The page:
My only real concern is the fish. My fish in the little tank are much more subdued with a stronger filter and I'm picking up some fish at the weekend who prefer slower flow so I will have to see how it goes!

    On a side (and slightly smug) note, my second 2026 was bought BNIB as a second from Zooplus for £37.50 plus postage.
     
  11. Matt Holbrook-Bull

    Matt Holbrook-Bull Founder

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    Chrisi! I missed you :)

    ok ok ok.. Ill buy a new filter!

    so.. next question.. £150, which one? I can get an FX5 for bit less than that.. but the big Eheims are going over.. advice please!
     
  12. Garuf

    Garuf Member

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    Ehiem fx5's are HUGE, and as far as I can tell they'd be perfect for your set up.
     
  13. a1Matt

    a1Matt Member

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    Just a thought... You could buy two Tetratec 1200's for £150 :!: or just one if you want to save some money ;)
    I bought one a couple of months ago and the only downside is that it is not silent. Although saying that I am now used to the hum and don't hear it anymore.
     
  14. Ed Seeley

    Ed Seeley Member

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    Well I'll stick up for the powerheads here. The aesthetics are the problem, but I don't mind that as mine is tucked at the rear top corner.

    However I wouldn't use a normal powerhead but one of the flow pumps. They have much broader flow patterns that move a lot of water in a more gentle way while keeping detritus and CO2 bubbles in suspension long enough for the filter to get the dirt or for the CO2 mist to dissolve. Mine also doesn't blast my fish or shrimps around the tank too much; in fact the Blueyes love playing in the flow.

    As to Biological filtration, the limiting factor on bacterial growth is almost certainly nutrients (in this case ammonia) in well filtered tanks, not the area of biological media! If you have the same bioload and add twice as much media the competition in the biofilm at any one point may reduce allowing a wider range of microbiological fauna, but they won't start assimilating more ammonia as there won't be any more to feed any more bacteria. I think the simple fact is that larger filters may improve mechanical filtration but there is a limit to biological performance based on the nutrients supplied. Using a media that promotes a wider range of fauna by giving a roughened, variable surface will improve filtration by allowing better establishment of the biofilm. Once a good biofilm is established then it is very resilient too.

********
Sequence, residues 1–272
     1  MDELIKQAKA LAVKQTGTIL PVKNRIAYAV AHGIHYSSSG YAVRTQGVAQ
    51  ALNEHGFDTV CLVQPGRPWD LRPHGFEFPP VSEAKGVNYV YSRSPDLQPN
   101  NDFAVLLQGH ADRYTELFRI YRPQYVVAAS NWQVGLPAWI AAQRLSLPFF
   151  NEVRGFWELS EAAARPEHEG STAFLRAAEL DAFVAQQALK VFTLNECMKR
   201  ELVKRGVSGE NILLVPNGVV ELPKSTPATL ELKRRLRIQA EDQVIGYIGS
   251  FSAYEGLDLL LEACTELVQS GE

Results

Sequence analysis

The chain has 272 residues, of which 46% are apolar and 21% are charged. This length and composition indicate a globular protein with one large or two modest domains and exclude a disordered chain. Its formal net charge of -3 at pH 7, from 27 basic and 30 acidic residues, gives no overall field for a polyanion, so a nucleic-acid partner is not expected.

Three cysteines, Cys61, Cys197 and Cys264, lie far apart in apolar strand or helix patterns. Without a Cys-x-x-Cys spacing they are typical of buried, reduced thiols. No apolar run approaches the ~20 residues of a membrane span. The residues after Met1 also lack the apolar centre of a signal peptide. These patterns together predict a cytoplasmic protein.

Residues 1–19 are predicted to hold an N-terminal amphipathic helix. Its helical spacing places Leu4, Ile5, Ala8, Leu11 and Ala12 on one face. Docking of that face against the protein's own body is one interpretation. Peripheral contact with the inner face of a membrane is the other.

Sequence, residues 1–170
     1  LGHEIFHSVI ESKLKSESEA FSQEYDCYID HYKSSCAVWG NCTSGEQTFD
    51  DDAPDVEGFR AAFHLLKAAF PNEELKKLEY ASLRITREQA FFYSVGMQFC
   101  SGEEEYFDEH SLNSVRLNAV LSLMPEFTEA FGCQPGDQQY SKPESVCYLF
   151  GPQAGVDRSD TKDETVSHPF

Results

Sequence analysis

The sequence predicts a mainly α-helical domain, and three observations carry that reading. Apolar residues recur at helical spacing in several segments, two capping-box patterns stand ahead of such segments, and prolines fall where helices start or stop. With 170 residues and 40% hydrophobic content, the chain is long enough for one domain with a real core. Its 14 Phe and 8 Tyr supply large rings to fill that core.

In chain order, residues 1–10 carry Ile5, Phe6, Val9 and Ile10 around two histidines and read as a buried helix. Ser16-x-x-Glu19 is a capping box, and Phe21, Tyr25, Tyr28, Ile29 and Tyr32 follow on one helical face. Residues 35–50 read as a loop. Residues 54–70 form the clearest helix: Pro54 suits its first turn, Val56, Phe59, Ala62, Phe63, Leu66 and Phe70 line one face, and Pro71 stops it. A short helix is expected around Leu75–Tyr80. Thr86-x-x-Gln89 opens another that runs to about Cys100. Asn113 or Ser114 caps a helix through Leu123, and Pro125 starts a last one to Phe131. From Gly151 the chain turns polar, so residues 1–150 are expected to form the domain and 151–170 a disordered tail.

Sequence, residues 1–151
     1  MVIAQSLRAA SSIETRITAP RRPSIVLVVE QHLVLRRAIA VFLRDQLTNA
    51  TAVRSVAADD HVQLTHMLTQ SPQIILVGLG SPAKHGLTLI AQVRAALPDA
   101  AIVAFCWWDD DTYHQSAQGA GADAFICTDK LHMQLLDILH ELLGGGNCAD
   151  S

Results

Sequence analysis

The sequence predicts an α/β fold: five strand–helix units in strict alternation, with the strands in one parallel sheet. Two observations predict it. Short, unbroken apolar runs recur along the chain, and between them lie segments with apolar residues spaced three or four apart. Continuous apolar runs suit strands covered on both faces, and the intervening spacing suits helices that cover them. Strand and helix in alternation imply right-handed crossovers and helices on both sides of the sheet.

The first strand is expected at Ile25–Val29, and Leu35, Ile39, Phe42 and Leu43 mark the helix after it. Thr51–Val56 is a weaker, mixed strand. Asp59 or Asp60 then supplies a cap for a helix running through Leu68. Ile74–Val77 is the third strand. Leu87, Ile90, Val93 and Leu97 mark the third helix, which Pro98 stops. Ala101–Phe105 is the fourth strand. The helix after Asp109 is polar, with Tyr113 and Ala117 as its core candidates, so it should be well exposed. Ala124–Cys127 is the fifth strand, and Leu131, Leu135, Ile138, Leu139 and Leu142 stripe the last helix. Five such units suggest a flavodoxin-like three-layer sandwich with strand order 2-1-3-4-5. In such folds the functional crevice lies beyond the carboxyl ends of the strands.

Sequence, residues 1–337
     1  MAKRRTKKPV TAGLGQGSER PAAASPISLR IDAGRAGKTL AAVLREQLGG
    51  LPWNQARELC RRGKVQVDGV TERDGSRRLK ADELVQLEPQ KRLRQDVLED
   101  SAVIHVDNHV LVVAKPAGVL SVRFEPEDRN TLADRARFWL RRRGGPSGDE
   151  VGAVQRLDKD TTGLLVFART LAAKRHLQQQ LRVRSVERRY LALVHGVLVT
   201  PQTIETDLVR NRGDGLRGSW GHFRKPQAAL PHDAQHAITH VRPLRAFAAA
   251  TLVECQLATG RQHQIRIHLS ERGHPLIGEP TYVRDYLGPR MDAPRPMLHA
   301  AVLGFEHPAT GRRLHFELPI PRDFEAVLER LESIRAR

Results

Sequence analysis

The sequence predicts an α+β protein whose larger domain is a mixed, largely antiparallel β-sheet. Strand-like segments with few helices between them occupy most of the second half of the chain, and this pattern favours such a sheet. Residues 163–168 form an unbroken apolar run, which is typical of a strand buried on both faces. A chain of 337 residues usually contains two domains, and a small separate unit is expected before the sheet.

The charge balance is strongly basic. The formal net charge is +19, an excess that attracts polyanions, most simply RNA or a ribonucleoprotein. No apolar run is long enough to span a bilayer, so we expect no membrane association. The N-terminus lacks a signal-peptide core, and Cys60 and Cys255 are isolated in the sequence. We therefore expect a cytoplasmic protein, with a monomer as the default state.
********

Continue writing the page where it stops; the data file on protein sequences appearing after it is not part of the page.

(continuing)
I can't see a mechanism where it would increase the rate of uptake of Ammonia, except for the fact that the improved turnover will get the ammonia into the filter more rapidly. I can't see it making that much difference to be honest.
     
  15. LondonDragon

    LondonDragon Administrator Staff Member

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    I added a powerhead to my tank and its doing the trick, its really a small internal filter which as a sponge and all, works pretty well for my size tank and since then I haven't had any more problems, things just grow like weeds. Its well hidden behind the plants and you can't really see it unless you go looking for it as you probably can see on the photos from my tank.
    I will replace my external eventually but I will wait until it breaks or something like that.
     
  16. JamesC

    JamesC Member

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    Ed brings up some interesting ideas on the biological side of things which I totally agree with. Going against what is commonly suggested I think that adding 2 large filters on a tank is just a tad overkill. A single good filter will more than adequately deal with the tiny amounts on ammonia that are created in planted tanks. They are designed with much heavier bioloads in mind. Have a sudden ammonia spike and I would think that a single filter would probably deal with it very nearly as quick or as quick as 2 or more filters.

    IMHO stable low levels of ammonia are no big deal and don't cause algae as is commonly suggested. Many people dose ammonia products daily with great success. I've dosed urea daily for 2 months and noticed no algae whatsoever. Those of you who dose Tropica Plant Nutrition Plus are dosing ammonium nitrate. All the other commercial nitrogen products that I know of also contain urea or ammonia compounds.

    Flow is a different thing and is very important in a heavily dosed, high light and high CO2 tank. Adding more filters to add flow is fine or you can save your money and use pumps.

    I'm sure many will probably disagree with me.
    James
     
  17. ceg4048

    ceg4048 Expert/Global Moderator Staff Member

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    James/Ed,
    I've thought about your points and while they do seem reasonable, they bring up more questions than they answer. Now, remember my arguments are based on premise that NH4 + light cause algae. If you don't buy that premise then the arguments are not valid.

    James, I remember that urea experiment you did and Barr brought up the strong possibility that the filter and sediment bacteria were reducing the ammonia in the urea via enzymatic action of urease. That would mean the bacterial reaction to NH4 is very quick, and that suppression of NH4 spikes are attributed to rapid nitrification.